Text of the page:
Encoding Images by Simple Transformations

  • Heinz-Otto Peitgen
  • Hartmut Jürgens
  • Dietmar Saupe


So far, we have discussed two extreme ends of fractal geometry. We have explored fractal monsters, such as the Cantor set, the Koch curve, and the Sierpinski gasket; and we have argued that there are many fractals in natural structures and patterns, such as coastlines, blood vessel systems, and cauliflowers. We have discussed features, such as self-similarity, scaling properties, and fractal dimensions shared by those natural structures and the monsters; but we have not yet seen that they are close relatives in the sense that maybe a cauliflower is just a ‘mutant’ of a Sierpinski gasket, and a fern is just a Koch curve ‘let loose’. Or phrased as a question, is there a framework in which a natural structure, such as a cauliflower, and an artificial structure, such as a Sierpinski gasket, are just examples of one unifying approach; and if so, what is it? Believe it or not, there is such a theory, and this chapter is devoted to it. It goes back to Mandelbrot’s book, The Fractal Geometry of Nature, and a beautiful paper by the Australian mathematician Hutchinson.2 Barnsley and Berger have extended these ideas and advocated the point of view that they are very promising for the encoding of images.3 In fact, this will be the focus of the appendix on image compression.


Target Image Fractal Geometry Hausdorff Distance Initial Image Encode Image 
These keywords were added by machine and not by the authors. This process is experimental and the keywords may be updated as the learning algorithm improves.


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  7. A very promising approach seems to be presented in the recent paper A. E. Jacquin, Image coding based on a fractal theory of iterated contractive image transformations, to appear in: IEEE Transactions on Signal Processing. See also the chapter Fractal Image Compression by Y. Fisher, R. D. Boss, and E. W. Jacobs, to appear in Data Compression, J. Storer (ed.), Kluwer Academic Publishers, Norwell, MA.Google Scholar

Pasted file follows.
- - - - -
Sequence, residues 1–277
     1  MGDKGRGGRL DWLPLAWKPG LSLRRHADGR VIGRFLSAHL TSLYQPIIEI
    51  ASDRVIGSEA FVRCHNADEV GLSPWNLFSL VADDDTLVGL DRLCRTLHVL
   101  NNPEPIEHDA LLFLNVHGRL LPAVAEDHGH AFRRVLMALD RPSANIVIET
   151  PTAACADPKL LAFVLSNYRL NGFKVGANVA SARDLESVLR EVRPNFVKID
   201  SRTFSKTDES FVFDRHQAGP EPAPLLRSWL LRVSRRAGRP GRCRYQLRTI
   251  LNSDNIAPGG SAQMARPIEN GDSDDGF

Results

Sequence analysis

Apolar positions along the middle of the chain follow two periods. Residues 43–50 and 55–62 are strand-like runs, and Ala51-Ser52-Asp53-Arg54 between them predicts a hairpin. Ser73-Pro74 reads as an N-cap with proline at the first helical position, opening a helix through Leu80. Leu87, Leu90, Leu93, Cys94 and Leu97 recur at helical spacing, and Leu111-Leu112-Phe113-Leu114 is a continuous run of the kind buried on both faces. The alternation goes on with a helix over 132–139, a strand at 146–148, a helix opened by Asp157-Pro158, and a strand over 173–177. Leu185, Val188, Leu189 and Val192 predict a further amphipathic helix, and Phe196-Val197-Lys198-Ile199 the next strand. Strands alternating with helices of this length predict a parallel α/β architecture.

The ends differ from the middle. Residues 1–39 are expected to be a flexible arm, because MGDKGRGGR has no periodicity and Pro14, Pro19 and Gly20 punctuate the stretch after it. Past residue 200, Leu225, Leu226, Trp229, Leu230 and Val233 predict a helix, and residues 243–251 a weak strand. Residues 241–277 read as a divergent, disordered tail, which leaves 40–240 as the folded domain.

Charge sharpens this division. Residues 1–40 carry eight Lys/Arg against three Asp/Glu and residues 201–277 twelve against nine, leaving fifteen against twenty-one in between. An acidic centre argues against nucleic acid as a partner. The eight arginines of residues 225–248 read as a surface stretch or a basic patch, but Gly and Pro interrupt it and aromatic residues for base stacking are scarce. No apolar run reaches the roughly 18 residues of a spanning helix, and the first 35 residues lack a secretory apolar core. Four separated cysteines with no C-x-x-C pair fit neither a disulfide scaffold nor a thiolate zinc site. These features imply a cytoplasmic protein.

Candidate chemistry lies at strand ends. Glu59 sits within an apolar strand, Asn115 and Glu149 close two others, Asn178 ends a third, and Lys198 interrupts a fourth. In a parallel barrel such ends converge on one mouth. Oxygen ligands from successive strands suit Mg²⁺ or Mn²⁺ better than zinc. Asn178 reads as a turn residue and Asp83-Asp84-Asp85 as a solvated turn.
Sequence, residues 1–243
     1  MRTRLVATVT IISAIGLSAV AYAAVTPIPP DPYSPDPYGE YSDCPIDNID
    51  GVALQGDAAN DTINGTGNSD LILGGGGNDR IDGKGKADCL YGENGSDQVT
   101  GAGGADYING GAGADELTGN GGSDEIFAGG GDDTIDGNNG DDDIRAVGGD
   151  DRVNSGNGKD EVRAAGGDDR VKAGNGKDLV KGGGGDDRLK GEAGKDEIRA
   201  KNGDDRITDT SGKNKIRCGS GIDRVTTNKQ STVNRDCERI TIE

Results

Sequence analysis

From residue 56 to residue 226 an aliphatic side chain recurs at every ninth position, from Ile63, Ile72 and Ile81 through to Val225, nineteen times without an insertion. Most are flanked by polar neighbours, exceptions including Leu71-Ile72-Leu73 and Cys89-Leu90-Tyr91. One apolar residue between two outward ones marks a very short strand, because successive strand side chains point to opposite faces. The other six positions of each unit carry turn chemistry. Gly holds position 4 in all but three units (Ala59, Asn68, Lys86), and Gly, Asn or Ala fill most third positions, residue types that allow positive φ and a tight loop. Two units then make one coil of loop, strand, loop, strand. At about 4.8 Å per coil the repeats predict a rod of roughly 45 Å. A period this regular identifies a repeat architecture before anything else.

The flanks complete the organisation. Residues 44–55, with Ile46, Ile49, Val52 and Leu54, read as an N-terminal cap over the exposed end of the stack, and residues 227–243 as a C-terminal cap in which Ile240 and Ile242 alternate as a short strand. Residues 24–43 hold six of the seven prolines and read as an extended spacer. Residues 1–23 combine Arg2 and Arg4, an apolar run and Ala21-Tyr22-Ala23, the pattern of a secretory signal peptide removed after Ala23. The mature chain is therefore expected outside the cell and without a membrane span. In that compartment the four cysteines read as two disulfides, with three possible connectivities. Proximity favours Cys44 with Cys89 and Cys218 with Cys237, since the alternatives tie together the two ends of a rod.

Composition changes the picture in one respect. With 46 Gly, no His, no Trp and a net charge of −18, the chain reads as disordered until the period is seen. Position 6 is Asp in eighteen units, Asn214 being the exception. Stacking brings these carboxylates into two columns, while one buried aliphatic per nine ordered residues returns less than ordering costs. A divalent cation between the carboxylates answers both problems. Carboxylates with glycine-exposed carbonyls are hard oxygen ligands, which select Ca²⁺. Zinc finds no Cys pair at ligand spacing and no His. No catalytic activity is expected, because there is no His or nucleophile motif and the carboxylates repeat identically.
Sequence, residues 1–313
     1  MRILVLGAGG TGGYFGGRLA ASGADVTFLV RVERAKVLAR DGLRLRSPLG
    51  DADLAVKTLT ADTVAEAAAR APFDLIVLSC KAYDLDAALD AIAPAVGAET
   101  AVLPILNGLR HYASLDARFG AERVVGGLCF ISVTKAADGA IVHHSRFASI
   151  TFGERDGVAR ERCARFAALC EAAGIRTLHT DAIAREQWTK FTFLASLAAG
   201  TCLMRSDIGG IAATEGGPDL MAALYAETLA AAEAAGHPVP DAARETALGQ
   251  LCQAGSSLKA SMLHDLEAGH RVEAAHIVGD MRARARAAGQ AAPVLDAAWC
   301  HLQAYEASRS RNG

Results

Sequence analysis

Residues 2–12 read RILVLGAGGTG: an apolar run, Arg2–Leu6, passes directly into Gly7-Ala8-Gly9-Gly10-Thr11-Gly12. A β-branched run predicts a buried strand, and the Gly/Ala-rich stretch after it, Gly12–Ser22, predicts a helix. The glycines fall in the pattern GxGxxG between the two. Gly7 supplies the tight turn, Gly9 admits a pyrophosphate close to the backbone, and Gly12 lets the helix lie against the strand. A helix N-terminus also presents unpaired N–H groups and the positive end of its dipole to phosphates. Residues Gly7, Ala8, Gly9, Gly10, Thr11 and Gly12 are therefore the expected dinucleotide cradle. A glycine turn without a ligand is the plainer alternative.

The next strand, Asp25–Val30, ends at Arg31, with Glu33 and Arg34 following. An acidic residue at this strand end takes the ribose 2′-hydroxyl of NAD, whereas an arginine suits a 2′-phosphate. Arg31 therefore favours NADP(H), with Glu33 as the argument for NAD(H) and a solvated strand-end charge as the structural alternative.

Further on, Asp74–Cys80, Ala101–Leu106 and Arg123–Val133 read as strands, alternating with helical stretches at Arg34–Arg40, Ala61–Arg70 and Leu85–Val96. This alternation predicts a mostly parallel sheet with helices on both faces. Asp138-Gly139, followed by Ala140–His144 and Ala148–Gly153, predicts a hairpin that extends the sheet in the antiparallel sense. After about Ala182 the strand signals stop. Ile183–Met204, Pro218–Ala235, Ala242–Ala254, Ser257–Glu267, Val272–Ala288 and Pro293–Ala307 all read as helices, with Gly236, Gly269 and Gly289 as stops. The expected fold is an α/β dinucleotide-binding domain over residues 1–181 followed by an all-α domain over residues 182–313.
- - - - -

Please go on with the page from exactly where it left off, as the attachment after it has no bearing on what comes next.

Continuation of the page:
8. A similar metaphor has been used by Barnsley in his popularizations of iterated function systems (IFS), which is the mathematical notation for MRCMs.Google Scholar
  9. Almost any image can be used for this purpose. Images with certain symmetries provide some exceptions. We will study these in detail further below.Google Scholar
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    Thi:; explains the binary characterization of the Sierpinski gasket which we have used in chapter 3, page 175, for the discussion of self-similarity.Google Scholar
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    The algorithms discussed in the appendix on image compression try to circumvent this problem.Google Scholar
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  17. G. Edgar, Measures, Topology and Fractal Geometry, Springer-Verlag, New York, 1990. The first ideas in this regard seem to be in T. Bedford, Dynamics and dimension for fractal recurrent sets, J. London Math. Soc. 33 (1986) 89–100.Google Scholar

Copyright information

© Springer Science+Business Media New York 1992

Authors and Affiliations

  • Heinz-Otto Peitgen
    • 1
    • 2
  • Hartmut Jürgens
    • 3
  • Dietmar Saupe
    • 4
  1. 1.CeVis and MeVisUniversität BremenBremenGermany
  2. 2.Department of MathematicsFlorida Atlantic UniversityBoca RatonUSA
  3. 3.CeVis and MeVisUniversität BremenBremenGermany
  4. 4.Department of Computer ScienceUniversität FreiburgFreiburgGermany

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